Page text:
It is not necessary to book in advance to enjoy the retreat of the Buddhist Centre. London Buddhist Centre’s introductory days are an excellent opportunity for beginners to learn the essentials of meditation through the Mindfulness of Breathing and the Metta Bhavana (an internal mantra that opens one's self to the world in a spacious and inclusive way).

Outside the meditation classes and Buddhist teachings, the centre regularly runs secular programmes specialising in wellbeing, businesses, schools and the larger community. The Buddhist Centre also runs slam poetry evenings, school visits, festivals and fairs throughout the course of the year.

We didn’t want to lose the atmosphere and history of the building. We didn’t want Wilton’s Hall to be a forgotten old wreck
- Tim Ronalds, the architect behind the restoration of Wilton’s Music Hall

Wiltons Music Hall

East London’s insatiable appetite for redevelopment projects has undoubtedly altered the face of the area. However, Wilton’s Music Hall is a relic from a bygone era. Nestled behind a row of terraces, Wilton’s Music Hall recently underwent a cosmetic overhaul, but the building succeeded in maintaining its rugged charm.

Wandering down Graces Alley - the location of Wilton's Music Hall-is comparable to travelling back in time. Thanks largely to the poet John Betjeman and the Methodist Church, the chic shabby music hall has managed to survive more or less in tact through the proceeding centuries.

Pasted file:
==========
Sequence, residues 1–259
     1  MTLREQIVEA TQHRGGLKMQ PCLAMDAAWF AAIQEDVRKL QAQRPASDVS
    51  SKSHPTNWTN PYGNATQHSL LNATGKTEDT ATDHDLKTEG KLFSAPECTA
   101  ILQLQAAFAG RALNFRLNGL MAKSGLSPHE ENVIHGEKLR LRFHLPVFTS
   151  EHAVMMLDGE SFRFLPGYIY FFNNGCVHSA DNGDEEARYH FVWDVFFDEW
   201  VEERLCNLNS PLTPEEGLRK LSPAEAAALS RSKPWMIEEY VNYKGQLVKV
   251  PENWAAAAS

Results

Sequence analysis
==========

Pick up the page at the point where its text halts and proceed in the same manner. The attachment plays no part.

With a distinctly European aesthetic, the space is cosy with bare brick walls with antique furniture. The theatre is sparse - retaining much of its original character- with vaulted ceiling, stools and an ornate balcony that permits great harmonics and good views of the stage from all the seats. Music Hall is an architectural gem in the heart of contemporary London and is the oldest grand music hall in the world. The venue provides a year round programme of outstanding live music and world-class theatre productions - Wilton’s Music Hall delivers some of the best Shakespeare interpretations in London. Consult the website to determine what performances coincide with your stay in London before visiting this hidden gem.


Phytology is a science and community led project that seeks to examine plant life in urban ecosystems. Located in the idyllic Bethnal Green Nature Reserve, since its inception in 2014, Phytology has grown into both a cultural institute and medicinal garden. Phytology’s objective is to develop implementable policies to improve a cities’ carbon emissions thus improving the lives of city-dwellers. The project is a platform for local artists, writers, poets and musicians to collaborate on group projects.

Phytology has been a part of countless urban research projects. Most notably, the group created Urban Mind-an app that measures individual experience of city living. By collecting data about the urban characteristics of London, the app explains how different elements of modern city life affect mental health. Having experimented with the app, it is clear that the work Phytology has undertaken can have a significant impact on the user’s experience of the modern city.

The medicinal garden, established in 2015, provides free food and homeopathic medicine for local communities. Outside of their ecological initiatives, Phytology hosts regular talks and special events. Phytology is moments away from the Bethnal Green tube station.

The ‘East End’ has some of the most famous historical and cultural sites to be found in London. However, beyond the charms of the countless markets, tourist hot spots and street art lies another side of London. Although only five locations have been named here, traverse the narrow streets of Bethnal Green to discover East London’s heart.

Phytology is a project that seeks to explore the use, value, resilience and function of wildness within urban ecosystems
- Nomad Projects